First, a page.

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The Liar's Ball: The Extraordinary Saga of How One Building Broke the World's Toughest Tycoons by Vicky Ward

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Chapter 4 Harry's Hero

If you go through all the great dealers, who is the greatest real estate guy in history? Zeckendorf. . . . But he went broke.

—Samuel Zell

Harry Macklowe's love affair with the southeastern corner of Central Park had begun in the 1950s. He arrived in New York hungry, and wide-eyed at the possibility he saw all about him.

The place to live was “Park Avenue and 46th Street,” he recalled.

“People actually rode and traveled by train. There were porters . . . on the trains, ‘Here to serve you, yes, ma'am.’ They had long baggage carts they used to pull by hand. . . . Oh, it was my youth—my youth of 1959.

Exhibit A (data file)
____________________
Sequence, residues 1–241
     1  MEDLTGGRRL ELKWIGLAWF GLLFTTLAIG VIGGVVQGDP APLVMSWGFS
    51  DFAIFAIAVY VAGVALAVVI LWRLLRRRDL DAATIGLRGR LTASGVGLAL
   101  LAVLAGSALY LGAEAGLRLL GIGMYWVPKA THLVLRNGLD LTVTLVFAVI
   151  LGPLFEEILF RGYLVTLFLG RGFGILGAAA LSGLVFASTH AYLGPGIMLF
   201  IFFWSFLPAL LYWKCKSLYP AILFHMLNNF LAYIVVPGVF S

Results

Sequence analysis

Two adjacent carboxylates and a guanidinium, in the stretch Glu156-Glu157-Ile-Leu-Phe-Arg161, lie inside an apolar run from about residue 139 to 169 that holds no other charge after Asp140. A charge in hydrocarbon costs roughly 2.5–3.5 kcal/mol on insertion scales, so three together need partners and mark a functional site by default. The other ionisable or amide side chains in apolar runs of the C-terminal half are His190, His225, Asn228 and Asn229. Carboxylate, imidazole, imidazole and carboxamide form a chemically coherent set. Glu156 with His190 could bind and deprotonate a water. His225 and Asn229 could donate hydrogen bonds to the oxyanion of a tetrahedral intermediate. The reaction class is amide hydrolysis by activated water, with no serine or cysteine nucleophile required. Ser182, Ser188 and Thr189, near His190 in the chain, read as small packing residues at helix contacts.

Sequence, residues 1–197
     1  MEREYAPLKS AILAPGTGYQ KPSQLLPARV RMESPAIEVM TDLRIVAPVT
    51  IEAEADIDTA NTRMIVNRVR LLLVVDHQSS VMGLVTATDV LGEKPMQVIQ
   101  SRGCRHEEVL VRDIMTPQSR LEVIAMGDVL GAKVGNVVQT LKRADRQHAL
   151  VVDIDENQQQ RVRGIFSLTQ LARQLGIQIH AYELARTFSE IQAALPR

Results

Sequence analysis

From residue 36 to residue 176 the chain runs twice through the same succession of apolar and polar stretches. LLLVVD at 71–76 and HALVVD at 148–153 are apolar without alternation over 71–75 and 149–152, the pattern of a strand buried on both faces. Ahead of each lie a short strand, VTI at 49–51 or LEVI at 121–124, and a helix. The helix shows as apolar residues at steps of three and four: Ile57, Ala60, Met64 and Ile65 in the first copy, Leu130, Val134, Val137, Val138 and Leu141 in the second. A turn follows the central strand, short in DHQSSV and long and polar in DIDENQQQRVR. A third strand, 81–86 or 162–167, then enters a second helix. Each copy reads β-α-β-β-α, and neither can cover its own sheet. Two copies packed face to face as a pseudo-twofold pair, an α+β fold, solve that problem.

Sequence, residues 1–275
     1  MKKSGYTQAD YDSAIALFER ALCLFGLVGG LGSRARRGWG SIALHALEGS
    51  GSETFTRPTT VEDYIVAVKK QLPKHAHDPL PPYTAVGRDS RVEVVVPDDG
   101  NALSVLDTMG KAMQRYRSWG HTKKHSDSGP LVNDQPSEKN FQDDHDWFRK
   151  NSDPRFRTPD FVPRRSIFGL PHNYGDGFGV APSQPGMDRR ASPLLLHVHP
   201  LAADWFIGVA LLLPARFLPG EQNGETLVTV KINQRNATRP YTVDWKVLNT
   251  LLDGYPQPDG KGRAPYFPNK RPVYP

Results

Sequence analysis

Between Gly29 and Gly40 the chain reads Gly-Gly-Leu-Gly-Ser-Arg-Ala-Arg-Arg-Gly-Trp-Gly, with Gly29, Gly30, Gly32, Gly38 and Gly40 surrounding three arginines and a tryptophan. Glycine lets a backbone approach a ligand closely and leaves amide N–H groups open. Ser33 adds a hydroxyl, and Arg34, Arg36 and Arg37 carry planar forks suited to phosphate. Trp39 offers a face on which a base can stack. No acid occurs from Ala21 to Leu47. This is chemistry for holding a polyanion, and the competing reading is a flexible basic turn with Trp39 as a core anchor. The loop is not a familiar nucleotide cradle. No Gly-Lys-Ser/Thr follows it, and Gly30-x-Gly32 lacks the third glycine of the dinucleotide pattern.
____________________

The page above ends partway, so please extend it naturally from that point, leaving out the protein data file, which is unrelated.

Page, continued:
“[The developer] Erwin [S.] Wolfson was the sponsor of [the] Grand Central [City Building] (which would become the Pan Am Building). He bought from the New Haven/New Hartford Railroad the baggage handling [in the] back of Grand Central Terminal. So he was a visionary. Because here was a building, and it was straddling Park Avenue. So think about this. Before the building was built, you would drive down Park Avenue and . . . you saw sky.

“Railroad tracks went right into Grand Central Terminal. And the buildings that were on Park Avenue were grand; there were exposition buildings; there were apartment houses. You drove into what is now the Union Carbide, Chase building on 47th Street. Joe Kennedy lived there.”

Kennedy also had trysts with movie star Gloria Swanson in one of Macklowe's favorite spots, the Savoy-Plaza Hotel, a McKim, Mead and White–designed 1,000-room ...

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